What the Thousands of Calls Against Betsy DeVos Say About American Public Schools

An Iowa public school. Photo by photolibrarian

Congress was inundated with thousands of phone calls from people urging their representatives to vote against Trump’s education secretary nominee Betsy DeVos. Given her poor performance during confirmation hearings, her lack of experience, and her history of supporting attempts to dismantle traditional public education, Americans had visceral, negative reaction to DeVos. But this defense of our schools comes after years of anti-public education rhetoric by our country’s leaders about “failing schools” and teacher accountability.

Dana Goldstein’s 2015 book The Teacher Wars seeks to understand how America’s relationship with its public school teachers became so complicated. It goes much farther back than the battles of the past few decades:

Why are American teachers both resented and idealized, when teachers in other nations are much more universally respected? In South Korea, teachers are referred to as “nation builders.” In Finland, both men and women name teaching as among the top three most desirable professions for a spouse. Meanwhile, that old American saw—“Those who can’t do, teach”— continues to reverberate, reflecting elite condescension toward career educators.

I suspected that the key to understanding the American view of teachers lay in our history, and perhaps had something to do with the tension between our sky-high hopes for public education as the vehicle of meritocracy and our perennial unwillingness to fully invest in our public sector, teachers and schools included. For two hundred years, the American public has asked teachers to close troubling social gaps— between Catholics and Protestants; new immigrants and the American mainstream; blacks and whites; poor and rich. Yet every new era of education reform has been characterized by a political and media war on the existing teachers upon whom we rely to do this difficult work, often in the absence of the social supports for families that make teaching and learning most effective for kids, like stable jobs and affordable housing, child care, and health care. The nineteenth-century common school reformers depicted male teachers— 90 percent of the classroom workforce in 1800— as sadistic, lash-wielding drunks who ought to be replaced by kinder, purer (and cheaper) women. During the Progressive Era, it was working-class female teachers who were attacked, for lacking the masculine “starch” supposedly necessary to preside over sixty-student classrooms of former child laborers. In the South during the civil rights era, Brown v. Board of Education prompted the racially motivated firings of tens of thousands of black teachers, as the Eisenhower, Kennedy, Johnson, and Nixon administrations looked the other way. Then, at the height of the Black Power movement in the 1960s and 1970s, it was inner-city white teachers who were vilified, for failing to embrace parental control of schools and Afrocentric pedagogical theories.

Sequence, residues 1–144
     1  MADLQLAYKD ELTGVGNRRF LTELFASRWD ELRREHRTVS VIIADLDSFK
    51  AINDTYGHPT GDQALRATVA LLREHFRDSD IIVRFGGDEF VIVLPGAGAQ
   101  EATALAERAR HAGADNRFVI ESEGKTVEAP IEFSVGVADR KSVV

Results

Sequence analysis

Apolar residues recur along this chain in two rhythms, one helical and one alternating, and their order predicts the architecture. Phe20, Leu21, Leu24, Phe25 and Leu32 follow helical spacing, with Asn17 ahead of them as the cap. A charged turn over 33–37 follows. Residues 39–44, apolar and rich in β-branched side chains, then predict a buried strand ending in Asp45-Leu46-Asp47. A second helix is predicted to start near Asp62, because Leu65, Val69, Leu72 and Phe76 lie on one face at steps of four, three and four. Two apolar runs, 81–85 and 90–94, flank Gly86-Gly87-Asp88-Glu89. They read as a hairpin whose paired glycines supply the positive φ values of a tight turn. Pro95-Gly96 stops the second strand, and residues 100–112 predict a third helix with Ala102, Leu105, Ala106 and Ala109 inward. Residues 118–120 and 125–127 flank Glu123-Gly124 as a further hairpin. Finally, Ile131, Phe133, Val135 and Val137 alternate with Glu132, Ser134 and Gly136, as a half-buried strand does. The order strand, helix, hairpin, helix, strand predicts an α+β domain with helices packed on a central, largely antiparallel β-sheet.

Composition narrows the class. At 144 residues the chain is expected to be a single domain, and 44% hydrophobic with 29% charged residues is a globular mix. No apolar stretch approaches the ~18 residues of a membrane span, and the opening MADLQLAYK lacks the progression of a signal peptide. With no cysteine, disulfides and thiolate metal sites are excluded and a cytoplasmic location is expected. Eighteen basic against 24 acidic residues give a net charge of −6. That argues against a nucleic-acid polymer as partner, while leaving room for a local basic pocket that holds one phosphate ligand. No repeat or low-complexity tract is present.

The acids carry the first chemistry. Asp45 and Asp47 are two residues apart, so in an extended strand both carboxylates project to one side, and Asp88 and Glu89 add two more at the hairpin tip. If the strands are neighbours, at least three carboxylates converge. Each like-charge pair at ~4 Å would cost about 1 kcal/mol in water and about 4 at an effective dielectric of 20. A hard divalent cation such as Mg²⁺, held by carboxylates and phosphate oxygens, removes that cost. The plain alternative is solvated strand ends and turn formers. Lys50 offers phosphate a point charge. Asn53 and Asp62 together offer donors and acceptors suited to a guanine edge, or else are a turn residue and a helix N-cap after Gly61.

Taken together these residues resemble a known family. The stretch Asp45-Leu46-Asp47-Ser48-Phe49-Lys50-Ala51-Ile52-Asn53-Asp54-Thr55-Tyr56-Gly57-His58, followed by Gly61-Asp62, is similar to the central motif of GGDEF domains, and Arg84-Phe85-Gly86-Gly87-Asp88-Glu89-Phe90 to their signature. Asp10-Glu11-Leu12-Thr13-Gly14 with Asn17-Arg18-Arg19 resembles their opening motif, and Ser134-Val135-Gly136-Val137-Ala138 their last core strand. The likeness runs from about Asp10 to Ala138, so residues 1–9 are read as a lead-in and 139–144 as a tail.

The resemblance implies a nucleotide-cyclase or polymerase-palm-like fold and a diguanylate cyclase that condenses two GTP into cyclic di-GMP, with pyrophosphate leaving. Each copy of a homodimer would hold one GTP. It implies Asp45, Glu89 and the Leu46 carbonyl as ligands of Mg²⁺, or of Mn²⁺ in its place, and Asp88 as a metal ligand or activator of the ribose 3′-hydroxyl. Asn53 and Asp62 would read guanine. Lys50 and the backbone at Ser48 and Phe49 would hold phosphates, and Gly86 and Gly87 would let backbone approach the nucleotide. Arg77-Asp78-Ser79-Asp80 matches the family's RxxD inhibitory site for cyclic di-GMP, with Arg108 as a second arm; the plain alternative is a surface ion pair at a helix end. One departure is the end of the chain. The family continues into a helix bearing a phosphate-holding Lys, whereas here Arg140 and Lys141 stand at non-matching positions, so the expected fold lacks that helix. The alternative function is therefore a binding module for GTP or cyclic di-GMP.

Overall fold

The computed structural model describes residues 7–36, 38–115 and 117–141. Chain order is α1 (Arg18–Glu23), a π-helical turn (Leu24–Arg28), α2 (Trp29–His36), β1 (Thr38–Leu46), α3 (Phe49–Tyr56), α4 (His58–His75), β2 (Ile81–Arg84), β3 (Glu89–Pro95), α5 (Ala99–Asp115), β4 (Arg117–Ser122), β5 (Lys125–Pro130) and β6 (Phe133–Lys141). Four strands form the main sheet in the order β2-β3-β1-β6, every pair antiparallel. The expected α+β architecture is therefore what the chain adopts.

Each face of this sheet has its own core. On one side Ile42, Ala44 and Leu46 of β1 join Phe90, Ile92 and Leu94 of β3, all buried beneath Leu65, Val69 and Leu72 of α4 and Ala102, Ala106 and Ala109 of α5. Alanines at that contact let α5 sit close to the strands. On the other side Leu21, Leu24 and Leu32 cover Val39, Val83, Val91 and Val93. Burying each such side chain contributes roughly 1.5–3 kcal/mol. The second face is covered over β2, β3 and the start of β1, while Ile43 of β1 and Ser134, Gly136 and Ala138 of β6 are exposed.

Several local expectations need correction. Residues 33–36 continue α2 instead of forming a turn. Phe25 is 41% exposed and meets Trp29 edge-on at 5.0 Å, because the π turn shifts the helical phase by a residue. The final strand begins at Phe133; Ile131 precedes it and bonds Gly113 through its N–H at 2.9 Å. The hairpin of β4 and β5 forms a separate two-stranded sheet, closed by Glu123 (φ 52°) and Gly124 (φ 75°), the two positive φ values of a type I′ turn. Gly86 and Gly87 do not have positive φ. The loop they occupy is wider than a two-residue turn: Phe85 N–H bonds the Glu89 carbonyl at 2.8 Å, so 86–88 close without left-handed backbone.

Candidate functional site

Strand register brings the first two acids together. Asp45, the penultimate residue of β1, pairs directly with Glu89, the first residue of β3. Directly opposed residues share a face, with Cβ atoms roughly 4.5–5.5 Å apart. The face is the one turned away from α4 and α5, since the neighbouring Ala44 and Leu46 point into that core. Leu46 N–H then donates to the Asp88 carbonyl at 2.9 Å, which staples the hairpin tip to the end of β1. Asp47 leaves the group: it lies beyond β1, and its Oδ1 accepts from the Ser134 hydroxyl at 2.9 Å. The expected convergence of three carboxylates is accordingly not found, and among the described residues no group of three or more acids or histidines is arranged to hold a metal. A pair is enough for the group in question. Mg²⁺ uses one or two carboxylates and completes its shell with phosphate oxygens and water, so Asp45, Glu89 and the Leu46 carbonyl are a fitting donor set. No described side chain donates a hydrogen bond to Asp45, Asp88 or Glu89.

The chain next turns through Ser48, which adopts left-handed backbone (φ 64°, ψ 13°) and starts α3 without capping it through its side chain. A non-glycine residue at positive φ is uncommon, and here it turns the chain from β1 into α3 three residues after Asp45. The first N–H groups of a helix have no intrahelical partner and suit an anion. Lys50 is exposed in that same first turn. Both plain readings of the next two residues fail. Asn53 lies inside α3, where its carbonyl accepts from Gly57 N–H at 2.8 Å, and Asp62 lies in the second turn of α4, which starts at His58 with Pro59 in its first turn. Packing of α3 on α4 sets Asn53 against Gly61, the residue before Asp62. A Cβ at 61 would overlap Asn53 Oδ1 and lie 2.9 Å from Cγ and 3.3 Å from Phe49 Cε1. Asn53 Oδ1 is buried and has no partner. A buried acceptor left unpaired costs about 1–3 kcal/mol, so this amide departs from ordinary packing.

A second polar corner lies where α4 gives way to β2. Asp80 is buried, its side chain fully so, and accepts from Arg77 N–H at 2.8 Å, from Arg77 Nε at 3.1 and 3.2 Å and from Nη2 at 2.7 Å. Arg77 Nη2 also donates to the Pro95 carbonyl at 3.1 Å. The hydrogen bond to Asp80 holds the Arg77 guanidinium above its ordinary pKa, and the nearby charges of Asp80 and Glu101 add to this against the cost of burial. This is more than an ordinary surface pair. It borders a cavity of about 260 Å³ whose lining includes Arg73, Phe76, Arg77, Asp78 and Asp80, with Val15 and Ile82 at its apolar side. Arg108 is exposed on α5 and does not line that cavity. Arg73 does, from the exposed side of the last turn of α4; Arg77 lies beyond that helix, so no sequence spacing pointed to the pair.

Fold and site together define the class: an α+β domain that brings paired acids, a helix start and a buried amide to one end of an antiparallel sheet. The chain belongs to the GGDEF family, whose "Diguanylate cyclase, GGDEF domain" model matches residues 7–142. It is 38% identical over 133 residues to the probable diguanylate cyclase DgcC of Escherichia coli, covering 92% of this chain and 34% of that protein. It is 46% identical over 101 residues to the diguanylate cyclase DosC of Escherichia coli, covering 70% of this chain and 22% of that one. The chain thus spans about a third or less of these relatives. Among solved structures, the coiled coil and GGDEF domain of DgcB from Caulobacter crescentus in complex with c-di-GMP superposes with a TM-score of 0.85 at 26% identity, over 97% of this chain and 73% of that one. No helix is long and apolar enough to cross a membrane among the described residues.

Teachers have been embattled by politicians, philanthropists, intellectuals, business leaders, social scientists, activists on both the Right and Left, parents, and even one another. (As we shall see, some of the critiques were fair, others less so.) Americans have debated who should teach public school; what should get taught; and how teachers should be educated, trained, hired, paid, evaluated, and fired. Though we’ve been arguing about these questions for two centuries, very little consensus has developed.

Amid these teacher wars, many extraordinary men and women worked in public school classrooms and offered powerful, grass-roots ideas for how to improve American education. Henry David Thoreau, Susan B. Anthony, W. E. B. Du Bois, and Lyndon B. Johnson are just a few of the famous Americans who taught. They resisted the fantasy of educators as saints or saviors, and understood teaching as a job in which the potential for children’s intellectual transcendence and social mobility, though always present, is limited by real-world concerns such as poor training, low pay, inadequate supplies, inept administration, and impoverished students and families. These teachers’ stories, and those of less well-known teachers, propel this history forward and help us understand why American teaching has evolved into such a peculiar profession, one attacked and admired in equal proportion.

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